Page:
After the fourteenth consecutive increase in interest rates since 2021, many business owners will be asking themselves the same thing: “When will interest rates finally fall?”
Higher interest rates increase the cost of borrowing on loans, overdrafts and credit cards. Equally, your customers may be facing higher interest costs if they have borrowings. Due to this and other economic conditions, your customers may to cut back on spending, which in turn can further restrict your cash flow and investment plans.
Earlier this year there were significant declines in inflation in both the USA and Europe. This is an encouraging sign for the UK, which has also started to see more significant falls in inflation.
Rising like a rocket, falling like a feather
Inflation has already fallen slightly to 6.8 per cent in July 2023 (the latest figure at the time of publication), which could be a good sign for struggling businesses.
However, the Bank of England (BoE) continues to increase the base rate, sitting at a recent high of 5.25 per cent at the end of August, with expectations that it will reach a peak of 5.5 per cent during September 2023 and remain high for the following 12 months.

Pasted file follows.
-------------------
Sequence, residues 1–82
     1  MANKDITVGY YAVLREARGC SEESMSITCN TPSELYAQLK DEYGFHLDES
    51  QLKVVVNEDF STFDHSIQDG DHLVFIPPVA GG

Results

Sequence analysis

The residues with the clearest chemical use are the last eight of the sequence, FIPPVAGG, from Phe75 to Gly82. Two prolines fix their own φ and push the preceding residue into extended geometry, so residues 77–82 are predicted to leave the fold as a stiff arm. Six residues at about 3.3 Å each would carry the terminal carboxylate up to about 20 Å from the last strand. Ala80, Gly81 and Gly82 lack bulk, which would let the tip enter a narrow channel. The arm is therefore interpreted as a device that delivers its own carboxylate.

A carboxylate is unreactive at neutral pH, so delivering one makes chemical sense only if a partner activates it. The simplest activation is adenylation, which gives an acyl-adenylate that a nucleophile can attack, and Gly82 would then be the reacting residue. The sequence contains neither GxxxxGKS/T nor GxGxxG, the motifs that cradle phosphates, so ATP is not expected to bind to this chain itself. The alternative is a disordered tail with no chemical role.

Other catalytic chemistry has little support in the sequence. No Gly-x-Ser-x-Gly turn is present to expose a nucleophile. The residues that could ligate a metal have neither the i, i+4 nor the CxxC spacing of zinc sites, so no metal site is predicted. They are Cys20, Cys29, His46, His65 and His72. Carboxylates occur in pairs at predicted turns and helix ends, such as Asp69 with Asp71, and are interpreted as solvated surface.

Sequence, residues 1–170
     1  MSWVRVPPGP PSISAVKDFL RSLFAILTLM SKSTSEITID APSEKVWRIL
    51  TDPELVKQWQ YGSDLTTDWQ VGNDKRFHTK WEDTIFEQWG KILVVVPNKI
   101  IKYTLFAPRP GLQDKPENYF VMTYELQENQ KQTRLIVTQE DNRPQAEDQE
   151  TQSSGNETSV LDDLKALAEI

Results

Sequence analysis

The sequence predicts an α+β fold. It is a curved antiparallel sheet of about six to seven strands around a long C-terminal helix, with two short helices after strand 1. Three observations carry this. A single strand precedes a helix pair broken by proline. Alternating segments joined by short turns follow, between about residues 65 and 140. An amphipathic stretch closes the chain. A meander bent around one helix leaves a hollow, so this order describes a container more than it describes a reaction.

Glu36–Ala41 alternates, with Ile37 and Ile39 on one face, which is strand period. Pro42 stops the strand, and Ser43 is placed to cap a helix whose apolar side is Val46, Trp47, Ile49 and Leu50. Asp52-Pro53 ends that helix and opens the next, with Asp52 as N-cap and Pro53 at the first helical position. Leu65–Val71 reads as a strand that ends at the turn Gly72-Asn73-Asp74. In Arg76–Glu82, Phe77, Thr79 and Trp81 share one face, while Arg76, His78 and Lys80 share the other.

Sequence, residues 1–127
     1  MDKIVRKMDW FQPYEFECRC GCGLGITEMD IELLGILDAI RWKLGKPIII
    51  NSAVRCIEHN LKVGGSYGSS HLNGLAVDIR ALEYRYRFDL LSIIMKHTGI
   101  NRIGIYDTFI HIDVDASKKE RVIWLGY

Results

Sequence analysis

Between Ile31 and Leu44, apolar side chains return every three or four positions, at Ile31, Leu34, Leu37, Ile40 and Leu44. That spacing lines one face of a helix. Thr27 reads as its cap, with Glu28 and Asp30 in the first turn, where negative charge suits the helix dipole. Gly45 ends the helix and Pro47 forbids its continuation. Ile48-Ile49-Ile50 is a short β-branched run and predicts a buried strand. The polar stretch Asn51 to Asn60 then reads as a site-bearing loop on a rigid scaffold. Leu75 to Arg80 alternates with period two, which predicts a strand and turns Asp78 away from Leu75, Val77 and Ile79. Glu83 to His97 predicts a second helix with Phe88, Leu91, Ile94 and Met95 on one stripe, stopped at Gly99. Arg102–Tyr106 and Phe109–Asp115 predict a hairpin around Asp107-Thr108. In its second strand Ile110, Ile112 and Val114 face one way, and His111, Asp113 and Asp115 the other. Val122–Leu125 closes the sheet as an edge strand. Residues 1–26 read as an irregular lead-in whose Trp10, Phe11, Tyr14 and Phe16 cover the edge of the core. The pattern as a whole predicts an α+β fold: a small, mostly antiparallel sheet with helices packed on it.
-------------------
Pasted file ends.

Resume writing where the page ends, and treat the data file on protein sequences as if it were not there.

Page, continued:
Any subsequent reduction in interest rates is likely to be slow, with forecasts suggesting that the BoE will have only cut interest rates to three per cent by 2026 as the Bank tries to meet its two per cent inflation target.
This is indicative of earlier predictions that despite the rapid increase in rates, they will be slow to come back down again. So, we are still going to be experiencing high-interest rates for the foreseeable future.
In addition, the UK economy witnessed a weakening of its position, with a further contraction likely in the coming year.
What does a fall in interest rates mean for your business?
Put simply, when the interest rate does eventually drop it will become cheaper to borrow and easier to pay back loans. The low interest rates should, therefore, offer an incentive to borrow and invest in your business.
Your customers and clients are more likely to have money to spend once interest rates fall. The inflationary pressure on your employees’ wages should also decline, helping you to manage costs.
In the meantime, businesses need to find ways to build resilience and manage the costs and challenges that come with high-interest rates.
An experienced accountant can help you adapt to new market opportunities as interest rates fall and ensure that you have the capital to successfully ride out the current storm.